Pensions are a big labor cost and the chance that the burden of paying for old age could rise faster in one nation than another could sway businesses’ choice of where to locate, Aon Consulting chief actuary Donald Duval said, according to Reuters. “If you have a fairly finely balanced decision about whether to go to country A or B, this might be a reason to go for one country rather than another.”
Aon tracked the demographics and the affordability of company pensions in 25 European Union nations and found that Belgium ranks at the top of the list of those countries with the highest pension risk and Denmark is the least risky.
Following Belgium, the countries with the highest risk of rising pension costs were Slovenia, Greece, France, Malta, Austria, Hungary, Italy, Slovakia and Finland. Following Denmark, the countries that fared the best in Aon’s analysis in terms of risk were Estonia, Ireland, Latvia, Netherlands, the UK, Sweden, Spain, Lithuania and the Czech Republic.Poland , Germany and Luxembourg fell in the middle.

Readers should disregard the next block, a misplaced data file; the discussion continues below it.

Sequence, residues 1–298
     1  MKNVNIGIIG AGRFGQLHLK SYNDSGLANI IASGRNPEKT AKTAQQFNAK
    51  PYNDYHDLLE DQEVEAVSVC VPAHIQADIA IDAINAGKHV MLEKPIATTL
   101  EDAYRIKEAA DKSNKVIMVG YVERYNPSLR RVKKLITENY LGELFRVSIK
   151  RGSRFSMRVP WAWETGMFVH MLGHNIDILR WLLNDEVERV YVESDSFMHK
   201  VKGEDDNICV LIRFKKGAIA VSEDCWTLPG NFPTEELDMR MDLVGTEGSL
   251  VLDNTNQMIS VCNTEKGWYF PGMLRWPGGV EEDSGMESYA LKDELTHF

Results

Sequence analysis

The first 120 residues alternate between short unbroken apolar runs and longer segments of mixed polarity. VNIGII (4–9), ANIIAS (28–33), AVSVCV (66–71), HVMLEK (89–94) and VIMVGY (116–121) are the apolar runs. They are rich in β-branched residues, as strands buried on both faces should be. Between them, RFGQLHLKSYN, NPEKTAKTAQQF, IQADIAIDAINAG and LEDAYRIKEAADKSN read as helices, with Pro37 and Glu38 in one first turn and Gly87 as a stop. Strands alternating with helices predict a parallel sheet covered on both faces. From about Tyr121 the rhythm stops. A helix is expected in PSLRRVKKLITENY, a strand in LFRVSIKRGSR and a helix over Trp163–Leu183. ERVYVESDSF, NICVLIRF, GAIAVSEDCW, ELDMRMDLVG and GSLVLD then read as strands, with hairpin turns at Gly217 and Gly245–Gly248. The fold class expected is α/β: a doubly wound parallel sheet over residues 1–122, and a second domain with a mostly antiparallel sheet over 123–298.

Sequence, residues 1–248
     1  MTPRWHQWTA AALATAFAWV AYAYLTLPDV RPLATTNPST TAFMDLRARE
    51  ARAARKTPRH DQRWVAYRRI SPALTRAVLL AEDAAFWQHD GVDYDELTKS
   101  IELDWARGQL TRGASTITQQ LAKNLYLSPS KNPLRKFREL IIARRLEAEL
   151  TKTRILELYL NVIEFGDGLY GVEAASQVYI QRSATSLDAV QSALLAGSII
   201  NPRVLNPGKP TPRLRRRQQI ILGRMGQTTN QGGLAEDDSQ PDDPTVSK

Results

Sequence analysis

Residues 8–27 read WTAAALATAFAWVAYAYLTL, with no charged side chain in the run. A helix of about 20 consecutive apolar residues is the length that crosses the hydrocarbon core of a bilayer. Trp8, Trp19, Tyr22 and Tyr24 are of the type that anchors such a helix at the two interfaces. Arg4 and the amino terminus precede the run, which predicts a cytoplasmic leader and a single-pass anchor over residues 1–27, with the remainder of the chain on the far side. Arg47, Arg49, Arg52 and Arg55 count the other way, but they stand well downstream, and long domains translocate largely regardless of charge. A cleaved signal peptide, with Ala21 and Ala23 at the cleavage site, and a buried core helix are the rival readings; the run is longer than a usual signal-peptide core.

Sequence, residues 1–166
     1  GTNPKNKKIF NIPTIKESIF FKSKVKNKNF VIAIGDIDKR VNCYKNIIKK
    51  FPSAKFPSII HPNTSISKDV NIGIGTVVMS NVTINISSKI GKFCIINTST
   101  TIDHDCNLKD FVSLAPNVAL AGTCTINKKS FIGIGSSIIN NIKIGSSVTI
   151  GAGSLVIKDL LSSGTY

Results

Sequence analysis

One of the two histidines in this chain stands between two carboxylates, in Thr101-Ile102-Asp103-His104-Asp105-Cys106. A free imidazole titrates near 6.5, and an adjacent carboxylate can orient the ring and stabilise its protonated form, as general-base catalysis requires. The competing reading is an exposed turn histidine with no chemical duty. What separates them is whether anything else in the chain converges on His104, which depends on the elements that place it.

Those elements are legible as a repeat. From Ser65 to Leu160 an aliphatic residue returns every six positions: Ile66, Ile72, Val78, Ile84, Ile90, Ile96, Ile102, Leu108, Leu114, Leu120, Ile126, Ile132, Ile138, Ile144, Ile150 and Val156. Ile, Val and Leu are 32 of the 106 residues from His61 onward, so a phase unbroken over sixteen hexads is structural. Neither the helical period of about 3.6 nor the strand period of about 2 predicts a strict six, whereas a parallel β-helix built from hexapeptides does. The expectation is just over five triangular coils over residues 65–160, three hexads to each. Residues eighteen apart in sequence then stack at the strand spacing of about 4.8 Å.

The countries which are in the best position are those where most people between 55 and 64 are working rather than drawing a pension. Another key factor is the extent to which pensions are provided by the private sector, Aon said, according to Reuters.
The Aon research drew from countries’ reports to the European Commission, mostly issued in 2005.